Despite President Bush’s rock-bottom poll numbers, a horrendously mismanaged war and a growing awareness that the President has betrayed them on a host of issues from immigration to government spending, conservatives seem unwilling to recognize their own role as “enablers” of a failed President.
And even worse, they seem ready to repeat their mistake in selecting a 2008 champion.
It is worth remembering that before he became president, then-Governor George Bush had to convince the Republican elders that he was their man: solidly conservative, more reliable than John McCain and an easy sell to the voters by virtue of his family name. He courted and was tutored by the likes of Henry Kissinger, George Schultz and Dick Cheney. They returned from the meetings confident of his bona fides and assured donors that he would be a safe choice for the G.O.P. establishment.
The party faithful convinced themselves that he would remain true to conservative principles despite the irksome references to “compassionate conservatism”—an overt dig at the conservatism many of his supporters believed needed no modifier.
If he seemed at war with the English language, had not traveled extensively and was intellectually incurious, that was all irrelevant, according to their elaborate rationalizations. The media was always mocking conservatives as non-intellectuals, and this was more of the same stereotyping; he had “people smarts”; he was a “hedgehog” who knew only a few things but knew them well, while Al Gore was the “fox” who would race from topic to topic, accomplishing nothing.
He’d be just fine, they said.
Well, he turned out to be not so fine. Conservatives had sold themselves, not to mention the country, short. Yes, President Bush cut taxes. But he also added Medicare Part D, the largest entitlement expansion in a generation, federalized K-12 education with “No Child Left Behind” and failed to veto a single spending bill. From the perspective of fiscal conservatives, this was a record worthy of, well, Al Gore or John Kerry.
Then of course there was “nation building.” During the pre-campaign tutorials and the 2000 campaign, he seemed to have mastered the notion that America doesn’t do well imposing itself on other cultures. That opposition to foreign adventures vanished after 9/11, when his administration immediately set about planning to democratize the Middle East by remaking Iraq.
And the worst insult of all, from conservatives’ viewpoint, was that the President eventually had the nerve to train his sights directly on them. As he pursued immigration—an endeavor that angered a large segment of the conservative base—the President and his surrogates began talking about his conservative critics with the same disdainful language he had previously reserved for Democrats.
According to the administration, the critics did not have the country’s interests at heart and were racist and ignorant.
The base was predictably outraged, and right-leaning bloggers and conservative columnists protested that they had been betrayed. But none of them should have been shocked.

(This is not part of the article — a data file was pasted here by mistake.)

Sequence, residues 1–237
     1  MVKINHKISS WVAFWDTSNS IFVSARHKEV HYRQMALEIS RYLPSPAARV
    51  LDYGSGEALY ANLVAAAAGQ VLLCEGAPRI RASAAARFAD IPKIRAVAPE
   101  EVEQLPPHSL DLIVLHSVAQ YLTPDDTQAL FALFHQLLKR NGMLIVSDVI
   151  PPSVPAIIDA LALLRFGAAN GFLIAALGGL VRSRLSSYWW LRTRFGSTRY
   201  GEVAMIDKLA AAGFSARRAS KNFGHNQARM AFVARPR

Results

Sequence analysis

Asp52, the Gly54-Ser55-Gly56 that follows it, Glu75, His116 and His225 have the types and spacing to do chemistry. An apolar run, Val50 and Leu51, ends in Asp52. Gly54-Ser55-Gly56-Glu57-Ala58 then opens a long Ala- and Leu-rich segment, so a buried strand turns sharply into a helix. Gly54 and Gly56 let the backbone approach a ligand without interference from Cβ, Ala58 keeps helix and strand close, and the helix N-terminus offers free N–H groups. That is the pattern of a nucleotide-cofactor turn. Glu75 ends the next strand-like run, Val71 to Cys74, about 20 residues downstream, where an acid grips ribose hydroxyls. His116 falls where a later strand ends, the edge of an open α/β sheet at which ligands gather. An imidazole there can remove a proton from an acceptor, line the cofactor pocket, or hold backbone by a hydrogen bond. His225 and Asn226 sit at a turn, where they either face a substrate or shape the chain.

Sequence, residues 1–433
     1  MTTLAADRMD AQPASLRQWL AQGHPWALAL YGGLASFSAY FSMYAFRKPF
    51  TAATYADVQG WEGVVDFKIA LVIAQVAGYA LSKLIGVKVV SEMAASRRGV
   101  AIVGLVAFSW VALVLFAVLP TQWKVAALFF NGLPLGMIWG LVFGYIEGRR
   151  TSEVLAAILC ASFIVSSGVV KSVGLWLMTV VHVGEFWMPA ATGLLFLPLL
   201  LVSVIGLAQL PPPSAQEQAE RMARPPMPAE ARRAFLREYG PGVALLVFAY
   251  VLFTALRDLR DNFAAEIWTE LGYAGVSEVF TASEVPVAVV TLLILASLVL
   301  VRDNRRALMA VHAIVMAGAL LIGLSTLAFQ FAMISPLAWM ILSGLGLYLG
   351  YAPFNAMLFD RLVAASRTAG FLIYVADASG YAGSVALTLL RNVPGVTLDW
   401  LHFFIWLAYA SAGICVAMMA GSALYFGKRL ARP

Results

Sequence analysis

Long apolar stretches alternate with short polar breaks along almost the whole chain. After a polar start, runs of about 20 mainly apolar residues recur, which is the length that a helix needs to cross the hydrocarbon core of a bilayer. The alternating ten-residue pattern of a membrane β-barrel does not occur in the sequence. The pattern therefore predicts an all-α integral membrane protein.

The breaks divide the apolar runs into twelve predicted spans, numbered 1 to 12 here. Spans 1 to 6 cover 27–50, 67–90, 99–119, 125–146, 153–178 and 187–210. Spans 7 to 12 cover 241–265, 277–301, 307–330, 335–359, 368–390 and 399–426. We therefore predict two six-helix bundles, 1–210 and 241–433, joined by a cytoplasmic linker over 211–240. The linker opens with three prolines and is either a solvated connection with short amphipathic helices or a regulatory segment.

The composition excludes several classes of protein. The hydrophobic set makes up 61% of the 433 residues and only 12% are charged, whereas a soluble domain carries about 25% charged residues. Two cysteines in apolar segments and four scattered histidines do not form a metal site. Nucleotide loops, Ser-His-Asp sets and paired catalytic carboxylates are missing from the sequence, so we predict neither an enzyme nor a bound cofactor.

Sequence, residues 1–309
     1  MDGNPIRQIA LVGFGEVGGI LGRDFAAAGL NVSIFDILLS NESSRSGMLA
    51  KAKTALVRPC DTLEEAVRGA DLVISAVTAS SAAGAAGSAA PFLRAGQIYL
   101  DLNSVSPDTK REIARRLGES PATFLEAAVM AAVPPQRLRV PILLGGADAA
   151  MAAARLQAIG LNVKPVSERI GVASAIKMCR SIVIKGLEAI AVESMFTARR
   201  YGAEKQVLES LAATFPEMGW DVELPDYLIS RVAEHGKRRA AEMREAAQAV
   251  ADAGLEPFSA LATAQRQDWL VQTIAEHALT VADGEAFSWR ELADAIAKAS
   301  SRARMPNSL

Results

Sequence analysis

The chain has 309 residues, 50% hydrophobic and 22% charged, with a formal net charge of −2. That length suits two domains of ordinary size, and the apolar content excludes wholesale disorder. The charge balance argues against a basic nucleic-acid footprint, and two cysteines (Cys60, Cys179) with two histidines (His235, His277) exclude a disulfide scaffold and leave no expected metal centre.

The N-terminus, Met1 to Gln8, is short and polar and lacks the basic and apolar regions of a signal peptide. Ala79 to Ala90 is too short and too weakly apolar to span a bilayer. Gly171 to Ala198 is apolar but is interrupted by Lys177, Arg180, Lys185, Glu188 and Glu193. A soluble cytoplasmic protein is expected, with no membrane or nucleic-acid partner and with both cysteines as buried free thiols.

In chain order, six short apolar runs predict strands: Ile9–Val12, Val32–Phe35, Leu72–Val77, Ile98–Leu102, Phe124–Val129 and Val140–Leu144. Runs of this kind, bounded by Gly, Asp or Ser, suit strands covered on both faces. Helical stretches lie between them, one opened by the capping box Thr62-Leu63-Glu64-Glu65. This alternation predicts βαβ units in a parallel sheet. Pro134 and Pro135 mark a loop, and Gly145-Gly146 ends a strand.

Had they been more honest, they would have acknowledged that they had anointed a minimally qualified man with limited intellectual skills. He had voiced token support for their causes, but his narrow experience and sheltered life had left him unprepared for the intellectual and personal demands of the Presidency.
Unable to marshal facts and persuade a skeptical public on Iraq, immigration or Social Security, he resorted to emotional pleas and empty buzzwords. When his advisors failed him, he had no independent source of knowledge or analytical skills to guide him back on course. Moreover, the prized trait of Bush loyalty quickly lapsed into stubborn cronyism; conservatives, like the rest of the public, reacted in horror as Bush advanced unqualified friends like Harriet Miers and Alberto Gonzales.
This experience might have chastened the conservative establishment, but they—like the Bourbon kings who remembered everything and learned nothing—are on the verge of doing it again.
First, they insist on ideological purity, attempting to define Rudy Giuliani out of the mainstream of the party. Then they goad a smart, reform-minded former governor, Mitt Romney, into becoming a human pretzel, cheering as he contorts to adopt their pet social views while ruining his viability.
Having done this, conservative insiders have flagged down the next undistinguished, albeit appealing, fellow to fit the bill of conservative standard bearer: Fred Thompson. (He communicates! He creates pithy ripostes to Michael Moore! He thinks Iran is a danger!)
Once again, they are enchanted by the banal. They seem unmoved by his lack of accomplishment in any field of endeavor other than acting. The highlights of his Senate record seem to be a single bill to track wasteful spending, an ineptly run investigation on illegal Chinese campaign contributions and stewardship of a McCain-Feingold campaign-finance bill that most of them despise. And so far this year, Mr. Thompson has yet to offer any specific policy proposals.
A track record of determined leadership, intellectual creativity, extemporaneous speaking skills and well-thought-out plans for the future should be minimal qualifications for the Presidency. Should conservatives reflect on the error of their previous choice, they might adopt criteria more meaningful than a willingness to genuflect to ideological convention. If not, the next chosen candidate will be as hapless as the last.
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